Here are a few great Aussie artists who are hugely popular, but have not yet tasted the glory of a number one album. This is by no means an exhaustive list, there are plenty of amazing artists who have never topped the charts, but these are a few of the most notable ones I came across.
The re-release of Grinspoon’s seminal debut album Guide To Better Living reached eighth spot in the ARIA charts when it came out earlier this year. That’s higher than it ever got when it was released (it peaked at number 11 in 1997).
Grinners got oh-so-close to the top spot back in 2002 when they released New Detention. It peaked at number two, behind the unstoppably monstrous The Eminem Show album, which was in the middle of a six-consecutive week stint in the top spot.
Of course, as Phil Jamieson told us last week, we can’t be sure that there’ll ever actually be another Grinspoon record. So maybe the top spot will always elude them. If they do put out another record, let this be incentive to all you Grinspoon fans to get behind them.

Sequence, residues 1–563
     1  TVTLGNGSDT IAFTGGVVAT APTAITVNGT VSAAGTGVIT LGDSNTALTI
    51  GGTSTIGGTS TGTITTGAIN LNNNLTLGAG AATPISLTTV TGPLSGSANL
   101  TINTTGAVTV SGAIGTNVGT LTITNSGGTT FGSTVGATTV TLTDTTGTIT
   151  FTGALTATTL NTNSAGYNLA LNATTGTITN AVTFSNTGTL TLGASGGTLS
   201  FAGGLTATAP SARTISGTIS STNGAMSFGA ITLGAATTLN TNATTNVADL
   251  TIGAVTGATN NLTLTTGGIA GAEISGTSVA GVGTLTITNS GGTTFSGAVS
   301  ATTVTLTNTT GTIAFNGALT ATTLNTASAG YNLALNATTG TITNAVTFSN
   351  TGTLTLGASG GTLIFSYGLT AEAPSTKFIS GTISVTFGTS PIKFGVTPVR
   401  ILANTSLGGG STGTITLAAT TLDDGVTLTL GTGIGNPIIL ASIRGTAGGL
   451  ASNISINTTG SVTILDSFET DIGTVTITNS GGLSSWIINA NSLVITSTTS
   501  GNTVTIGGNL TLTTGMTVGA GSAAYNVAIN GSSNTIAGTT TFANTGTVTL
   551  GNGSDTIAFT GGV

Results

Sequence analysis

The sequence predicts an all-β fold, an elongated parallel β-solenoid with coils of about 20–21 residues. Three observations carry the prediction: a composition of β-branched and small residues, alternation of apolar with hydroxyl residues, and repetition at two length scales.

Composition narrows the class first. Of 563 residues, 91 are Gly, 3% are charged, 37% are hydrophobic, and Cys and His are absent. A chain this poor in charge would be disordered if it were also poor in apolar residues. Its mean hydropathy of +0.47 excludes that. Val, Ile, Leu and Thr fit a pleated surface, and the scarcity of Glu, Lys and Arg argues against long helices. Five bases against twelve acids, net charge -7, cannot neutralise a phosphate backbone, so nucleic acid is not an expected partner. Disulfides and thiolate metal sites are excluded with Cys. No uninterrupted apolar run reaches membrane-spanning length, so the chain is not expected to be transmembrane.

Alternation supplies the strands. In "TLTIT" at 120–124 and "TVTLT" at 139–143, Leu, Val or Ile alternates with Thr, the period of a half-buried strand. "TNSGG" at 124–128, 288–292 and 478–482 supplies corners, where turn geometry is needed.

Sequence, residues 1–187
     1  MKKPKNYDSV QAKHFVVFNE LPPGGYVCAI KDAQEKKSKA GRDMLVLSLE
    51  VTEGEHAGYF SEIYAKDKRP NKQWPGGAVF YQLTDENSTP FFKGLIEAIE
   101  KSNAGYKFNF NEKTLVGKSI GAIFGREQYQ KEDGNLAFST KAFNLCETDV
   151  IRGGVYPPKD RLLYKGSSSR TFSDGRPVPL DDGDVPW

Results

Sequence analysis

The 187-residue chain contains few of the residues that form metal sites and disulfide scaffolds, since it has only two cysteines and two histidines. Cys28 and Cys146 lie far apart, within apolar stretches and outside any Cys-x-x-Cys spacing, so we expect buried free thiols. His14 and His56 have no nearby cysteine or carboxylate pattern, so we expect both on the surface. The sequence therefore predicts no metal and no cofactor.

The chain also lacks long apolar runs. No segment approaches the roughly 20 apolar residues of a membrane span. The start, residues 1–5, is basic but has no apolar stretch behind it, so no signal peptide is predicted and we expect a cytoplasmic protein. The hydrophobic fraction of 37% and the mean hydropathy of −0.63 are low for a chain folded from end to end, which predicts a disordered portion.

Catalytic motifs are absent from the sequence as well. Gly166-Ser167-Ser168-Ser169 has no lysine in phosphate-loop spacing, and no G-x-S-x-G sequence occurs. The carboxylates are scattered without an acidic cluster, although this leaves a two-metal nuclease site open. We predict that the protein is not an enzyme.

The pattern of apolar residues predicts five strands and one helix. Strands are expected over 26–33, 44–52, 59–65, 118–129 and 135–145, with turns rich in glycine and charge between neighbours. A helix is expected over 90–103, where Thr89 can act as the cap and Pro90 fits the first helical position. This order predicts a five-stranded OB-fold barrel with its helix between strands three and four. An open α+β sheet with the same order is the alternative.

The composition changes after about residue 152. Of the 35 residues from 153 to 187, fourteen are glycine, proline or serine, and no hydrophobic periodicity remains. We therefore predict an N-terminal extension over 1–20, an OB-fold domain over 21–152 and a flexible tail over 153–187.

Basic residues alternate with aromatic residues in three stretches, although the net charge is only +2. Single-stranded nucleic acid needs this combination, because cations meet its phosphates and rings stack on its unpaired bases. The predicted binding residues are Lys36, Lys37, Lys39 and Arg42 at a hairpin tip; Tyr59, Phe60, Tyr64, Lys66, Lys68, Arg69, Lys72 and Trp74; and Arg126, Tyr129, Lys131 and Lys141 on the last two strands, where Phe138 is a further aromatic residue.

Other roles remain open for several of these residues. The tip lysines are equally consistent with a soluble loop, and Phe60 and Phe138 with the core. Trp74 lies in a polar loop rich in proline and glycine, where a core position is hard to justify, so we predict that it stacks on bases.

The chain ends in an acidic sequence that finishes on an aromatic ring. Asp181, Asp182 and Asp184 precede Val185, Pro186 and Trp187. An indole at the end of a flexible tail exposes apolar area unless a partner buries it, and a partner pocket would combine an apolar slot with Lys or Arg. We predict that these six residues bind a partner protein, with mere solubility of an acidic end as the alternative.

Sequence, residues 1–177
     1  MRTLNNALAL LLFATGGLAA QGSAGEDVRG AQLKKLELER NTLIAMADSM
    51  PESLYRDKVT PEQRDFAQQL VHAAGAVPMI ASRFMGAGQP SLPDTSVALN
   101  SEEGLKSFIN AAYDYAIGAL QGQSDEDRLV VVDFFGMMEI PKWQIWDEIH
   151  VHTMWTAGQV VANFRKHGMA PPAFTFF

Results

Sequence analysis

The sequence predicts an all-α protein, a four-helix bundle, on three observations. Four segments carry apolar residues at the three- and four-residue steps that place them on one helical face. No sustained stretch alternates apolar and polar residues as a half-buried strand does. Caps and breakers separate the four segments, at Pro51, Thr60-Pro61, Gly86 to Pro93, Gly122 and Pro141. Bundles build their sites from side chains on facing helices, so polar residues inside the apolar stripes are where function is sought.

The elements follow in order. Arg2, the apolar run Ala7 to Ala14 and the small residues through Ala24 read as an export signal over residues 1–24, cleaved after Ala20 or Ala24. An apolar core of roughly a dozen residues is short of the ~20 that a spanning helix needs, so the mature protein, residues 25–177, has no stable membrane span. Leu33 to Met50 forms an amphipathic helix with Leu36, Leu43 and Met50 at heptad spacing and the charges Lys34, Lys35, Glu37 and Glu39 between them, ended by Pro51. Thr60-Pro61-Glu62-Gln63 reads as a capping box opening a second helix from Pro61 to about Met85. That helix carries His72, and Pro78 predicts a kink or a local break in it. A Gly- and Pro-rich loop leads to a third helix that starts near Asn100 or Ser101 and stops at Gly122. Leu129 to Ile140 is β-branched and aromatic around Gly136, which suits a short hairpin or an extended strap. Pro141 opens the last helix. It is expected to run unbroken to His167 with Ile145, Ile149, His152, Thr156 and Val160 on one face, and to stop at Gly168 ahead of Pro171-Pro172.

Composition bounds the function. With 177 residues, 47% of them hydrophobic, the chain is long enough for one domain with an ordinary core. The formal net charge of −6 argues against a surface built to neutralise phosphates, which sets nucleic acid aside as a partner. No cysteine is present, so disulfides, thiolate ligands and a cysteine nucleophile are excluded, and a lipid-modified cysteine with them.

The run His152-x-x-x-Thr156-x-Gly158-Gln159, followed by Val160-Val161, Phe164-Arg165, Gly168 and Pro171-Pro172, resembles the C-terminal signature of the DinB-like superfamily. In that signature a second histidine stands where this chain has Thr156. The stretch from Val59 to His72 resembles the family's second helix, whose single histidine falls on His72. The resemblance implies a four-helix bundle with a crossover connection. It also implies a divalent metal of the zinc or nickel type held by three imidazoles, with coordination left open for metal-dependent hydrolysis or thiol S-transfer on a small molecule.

In its 23rd week on the ARIA charts, Yothu Yindi’s Tribal Voice reached number four, with only Lionel Richie, ZZ Top and Michael Crawford – all of whom had compilation albums – ahead of it.
This was the highest the band would ever get on the charts, driven by the monumental success of their singles ‘Treaty’ and ‘Djäpana (Sunset Dreaming)’. It did stay on the charts for almost a whole year though, sit somewhere in the top 50 for 45 weeks.
There’s no justice in the world when Sarah Blasko hasn’t had a number one album.
Now I don’t want to be insensitive, but it’s kinda bad timing when you release one of your biggest albums just two weeks after Michael Jackson, the guy who is literally referred to as the King of Pop, dies.
If you recall, people were buying Michael Jackson records by the truckload after his passing. This meant that, in the week Sarah Blasko’s As Day Follows Night came out, the top five on the ARIA Charts was made up of two old MJ compilations, Thriller, a record from talent show winner Mark Vincent and Blasko’s album.